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March 18, 1994 - Image 55

Resource type:
Text
Publication:
The Detroit Jewish News, 1994-03-18

Disclaimer: Computer generated plain text may have errors. Read more about this.

Jews in Hebron in 1929, too. For every Kahane
there is a Hamas.'
"I always try to make clear that I am for the
survival of the state," he says. "But I am also
for human values."
The fact that he is "for human values" is
likely what allows Professor Nissani to excuse
in Palestinians what he would condemn in
others. Because he believes Palestinians have
so long been the victims of Israeli abuse, he
says he understands how they could be anti-
Zionist but not anti-Semitic.
"Not every anti-Zionist is an anti-Semite,
though every anti-Semite is an anti-Zionist,"
he says.
Professor Aronson also cautions that anti-
Zionist expressions can be based on ignorance.
"Sometimes there's no understanding or ap-
preciation of the Jewish experience, of the com-
pulsion Jews feel, understandably, to have
their own state with their own government,"
he says. That's not anti-Semitism.
What does constitute anti-Semitism: when
educated non-Palestinians say Israel has no
right to exist or refuse to recognize its right to
make mistakes like any other country.
"Though," Professor _Aronson says, "as soon
as people start to criticize Israel my antennae
go up: I ask myself, 'How far are they going
and what's their motivation?' " He believes it's
time Diaspora Jews stop regarding all such
criticism as threatening. Israel, he says, is not
a child.
"Most Jews live with a myth — the myth of
a poor, weak Israel," he says. "I believed that, Hymie Cutler: "Our very lives are at stake."
too. But in the '73 war, Israel showed a mas-
sive social, economic and military strength.
specific examples. His criticism was severe.
And I was proud of it.
Most sat and listened, visibly uncomfortable. Later,
"Israel is not a child," he adds. "It's a nation-state they would say, "Of course, what he said was absolutely
among other nation-states. We can't be blinded by this true, it's just hearing it said aloud that way... "
mythical image we have of Israel."
But one member of the audience stood up in the mid-

A local synagogue held a lunch with a guest speak-
er who had lived for more than a dozen years in Israel.
He is a devoted Zionist, an educator, an artist. He told
the audience: It's time to stop sending U.S. dollars to
Israel. He said he has watched, sadly, for years as Is-
rael wasted money and time and energy. He offered

dle of the speaker's lecture and began yelling. "Don't
talkabout Israel that way!" he screamed.

Supreme Court Judge Harry Blackmun,
whose classic definition of pornography left every-
J thin.g
thing to the imagination, Richard Lobenthal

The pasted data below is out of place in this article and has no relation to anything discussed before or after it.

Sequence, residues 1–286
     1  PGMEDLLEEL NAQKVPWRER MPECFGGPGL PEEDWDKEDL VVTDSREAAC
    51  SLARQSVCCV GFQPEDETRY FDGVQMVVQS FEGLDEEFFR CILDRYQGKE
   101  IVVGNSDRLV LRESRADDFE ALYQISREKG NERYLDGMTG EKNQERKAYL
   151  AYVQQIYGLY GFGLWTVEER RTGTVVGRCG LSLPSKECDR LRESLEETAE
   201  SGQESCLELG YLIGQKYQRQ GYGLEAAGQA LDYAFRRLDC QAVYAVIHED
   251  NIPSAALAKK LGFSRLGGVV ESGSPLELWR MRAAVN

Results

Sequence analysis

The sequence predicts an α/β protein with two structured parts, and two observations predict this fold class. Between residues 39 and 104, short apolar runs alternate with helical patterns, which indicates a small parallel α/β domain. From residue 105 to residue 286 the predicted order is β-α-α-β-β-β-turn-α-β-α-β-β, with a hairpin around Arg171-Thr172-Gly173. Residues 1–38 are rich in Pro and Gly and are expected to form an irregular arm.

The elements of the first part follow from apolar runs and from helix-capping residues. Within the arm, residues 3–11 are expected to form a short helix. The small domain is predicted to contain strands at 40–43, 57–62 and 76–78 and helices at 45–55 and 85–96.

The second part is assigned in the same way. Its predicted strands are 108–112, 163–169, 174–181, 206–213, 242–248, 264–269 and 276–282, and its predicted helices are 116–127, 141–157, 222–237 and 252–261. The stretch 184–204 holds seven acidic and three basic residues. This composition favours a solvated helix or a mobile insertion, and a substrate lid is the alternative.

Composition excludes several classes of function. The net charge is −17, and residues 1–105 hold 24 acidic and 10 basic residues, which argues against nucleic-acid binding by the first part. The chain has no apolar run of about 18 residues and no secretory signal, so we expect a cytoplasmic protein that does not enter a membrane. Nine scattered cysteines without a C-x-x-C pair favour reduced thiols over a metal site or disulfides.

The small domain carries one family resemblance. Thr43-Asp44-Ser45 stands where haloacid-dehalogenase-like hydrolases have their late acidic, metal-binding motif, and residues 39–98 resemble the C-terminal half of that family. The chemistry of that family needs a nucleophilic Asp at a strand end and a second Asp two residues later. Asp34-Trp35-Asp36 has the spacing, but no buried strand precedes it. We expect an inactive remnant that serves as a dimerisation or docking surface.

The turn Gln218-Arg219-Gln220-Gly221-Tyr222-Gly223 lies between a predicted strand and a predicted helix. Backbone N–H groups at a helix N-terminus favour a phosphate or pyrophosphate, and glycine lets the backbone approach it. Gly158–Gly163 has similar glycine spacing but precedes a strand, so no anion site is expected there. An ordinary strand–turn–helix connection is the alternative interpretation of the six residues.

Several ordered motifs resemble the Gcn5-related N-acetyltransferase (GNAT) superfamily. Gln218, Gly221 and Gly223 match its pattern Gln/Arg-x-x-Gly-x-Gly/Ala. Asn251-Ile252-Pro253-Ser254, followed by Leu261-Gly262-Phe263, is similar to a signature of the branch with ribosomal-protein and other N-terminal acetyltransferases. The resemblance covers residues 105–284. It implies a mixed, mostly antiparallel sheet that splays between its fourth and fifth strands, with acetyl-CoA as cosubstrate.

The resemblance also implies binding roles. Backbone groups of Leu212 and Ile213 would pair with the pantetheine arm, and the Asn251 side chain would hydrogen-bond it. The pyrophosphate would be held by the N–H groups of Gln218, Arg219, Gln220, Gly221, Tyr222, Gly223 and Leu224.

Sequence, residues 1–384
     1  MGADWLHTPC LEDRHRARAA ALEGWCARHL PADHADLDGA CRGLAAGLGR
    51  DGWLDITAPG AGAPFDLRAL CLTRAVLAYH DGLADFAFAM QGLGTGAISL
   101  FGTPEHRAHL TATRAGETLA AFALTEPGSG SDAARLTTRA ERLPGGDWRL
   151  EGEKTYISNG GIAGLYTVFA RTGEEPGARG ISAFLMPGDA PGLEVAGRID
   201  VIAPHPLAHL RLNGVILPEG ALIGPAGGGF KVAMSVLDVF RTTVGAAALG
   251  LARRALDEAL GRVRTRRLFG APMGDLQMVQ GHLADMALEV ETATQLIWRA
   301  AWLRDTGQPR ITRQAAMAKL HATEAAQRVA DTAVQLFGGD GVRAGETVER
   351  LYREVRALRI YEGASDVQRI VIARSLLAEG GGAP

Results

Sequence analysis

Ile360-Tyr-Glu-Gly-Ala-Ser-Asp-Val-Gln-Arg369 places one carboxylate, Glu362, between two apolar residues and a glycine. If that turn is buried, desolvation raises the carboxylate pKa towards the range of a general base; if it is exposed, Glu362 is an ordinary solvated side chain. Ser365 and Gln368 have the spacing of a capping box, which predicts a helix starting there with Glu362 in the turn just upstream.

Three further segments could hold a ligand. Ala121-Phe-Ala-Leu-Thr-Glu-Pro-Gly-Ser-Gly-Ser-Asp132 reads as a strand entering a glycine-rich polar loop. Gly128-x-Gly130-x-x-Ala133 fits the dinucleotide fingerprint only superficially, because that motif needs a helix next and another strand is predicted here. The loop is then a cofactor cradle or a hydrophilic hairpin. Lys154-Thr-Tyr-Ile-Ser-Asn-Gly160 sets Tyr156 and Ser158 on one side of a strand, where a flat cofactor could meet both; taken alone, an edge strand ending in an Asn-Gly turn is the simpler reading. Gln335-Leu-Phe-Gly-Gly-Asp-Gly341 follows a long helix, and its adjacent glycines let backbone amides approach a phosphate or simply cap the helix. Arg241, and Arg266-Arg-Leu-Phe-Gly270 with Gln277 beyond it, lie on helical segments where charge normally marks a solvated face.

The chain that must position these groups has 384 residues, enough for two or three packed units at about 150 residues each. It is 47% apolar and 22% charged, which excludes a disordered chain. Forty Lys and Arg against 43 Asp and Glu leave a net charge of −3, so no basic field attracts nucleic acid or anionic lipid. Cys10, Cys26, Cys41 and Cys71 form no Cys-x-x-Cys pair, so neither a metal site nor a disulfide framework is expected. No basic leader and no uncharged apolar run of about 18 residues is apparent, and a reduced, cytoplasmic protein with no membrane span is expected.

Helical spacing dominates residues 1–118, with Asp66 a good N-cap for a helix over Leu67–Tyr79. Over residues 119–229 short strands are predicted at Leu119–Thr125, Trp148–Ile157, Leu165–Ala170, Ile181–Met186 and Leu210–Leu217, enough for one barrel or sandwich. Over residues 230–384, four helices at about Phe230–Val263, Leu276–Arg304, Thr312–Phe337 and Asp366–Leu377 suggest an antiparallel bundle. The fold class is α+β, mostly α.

can't quite give a one-sentence description of what
constitutes Israel-bashing. But he knows it when he
sees it.
The director of the Michigan Region Anti-Defama-
tion League offers ground rules for debate on Israel

T

"As soon as people start to
criticize Israel,
my antennae go up."

— Ron Aronson

Ron Aronson: "Most Jews live with a myth."

that start with Israel's right to exist.
First: You recognize Israel's legitimacy.
"If you say that Israel is illegitimate, or the effect of
your words is that Jews are not entitled to rights like
every other nation, that's anti-Semitism," he says.
Mr. Lobenthal recalls a page in a recent issue of a
city newspaper that listed brief news bytes from around
the world. Two paragraphs described Israeli soldiers
killing one Palestinian teen-ager. Four lines reported
on four Arabs, suspected of collaborating with the
Israelis, killed by other Arabs.
He called the editor.
"His response was, Well, we expect barbarism from
the Arabs, but not from Israel.'
"What happened," he says, "is that they were ma-
nipulating public opinion, though they didn't mean to

be anti-Semitic."
Second: You agree with the statement that Israel
has a right to exist within secure borders.
Third, "You acknowledge the fact that in a democ-
ratic society, people have the right to elect their own
government, and fourth, that government has a right
to be wrong."
And acknowledging that right to be wrong means
acknowledging, with equal fervor, that Israel's mis-
takes should not be singled out as more heinous, more
severe, more uncommon than those of any other na-
tion. Nor can those mistakes be exaggerated.
One of the anti-Semite's most famous tools is what
Mr. Lobenthal calls the "distortion of history."
The anti-Semite will speak at length about Deir
Yassin, then conveniently forget to mention Hamas.
He will talk about all the Palestinians killed by Israelis,
but somehow forget to raise the issue of the hundreds
of Israelis murdered by Arabs.
Or, he will make unwarranted comparisons replete
with key words designed to propagate evil images of
Jews or Israel. Look out for anyone who claims "Jews
are like Nazis" in their treatment of Palestinians, he
says.
"There is nothing Nazi-like in terms of the way Is-
raelis have treated the Palestinians," he says. "When
you say 'Nazi,' you're talking about genocide, a
government-sponsored program of unspeakable
brutality.
"Don't tell me that breaking legs is analogous to
operating on people without using anesthesia."
The ground rules are set.
Now, Mr. Lobenthal says, let's talk.

/

n 1980, Hymie Cutler sent a 14-page memo to
David Lawrence, then executive editor of the
Detroit Free Press. The letter was a follow-up to a
meeting the Zionist Organization of America held with
Mr. Lawrence, to review the paper's coverage of Middle
East news.
Five years later, Mr. Cutler wrote a letter to David
Lawrence, then publisher and chairman of the paper.

CROSSING THE LINE page 56

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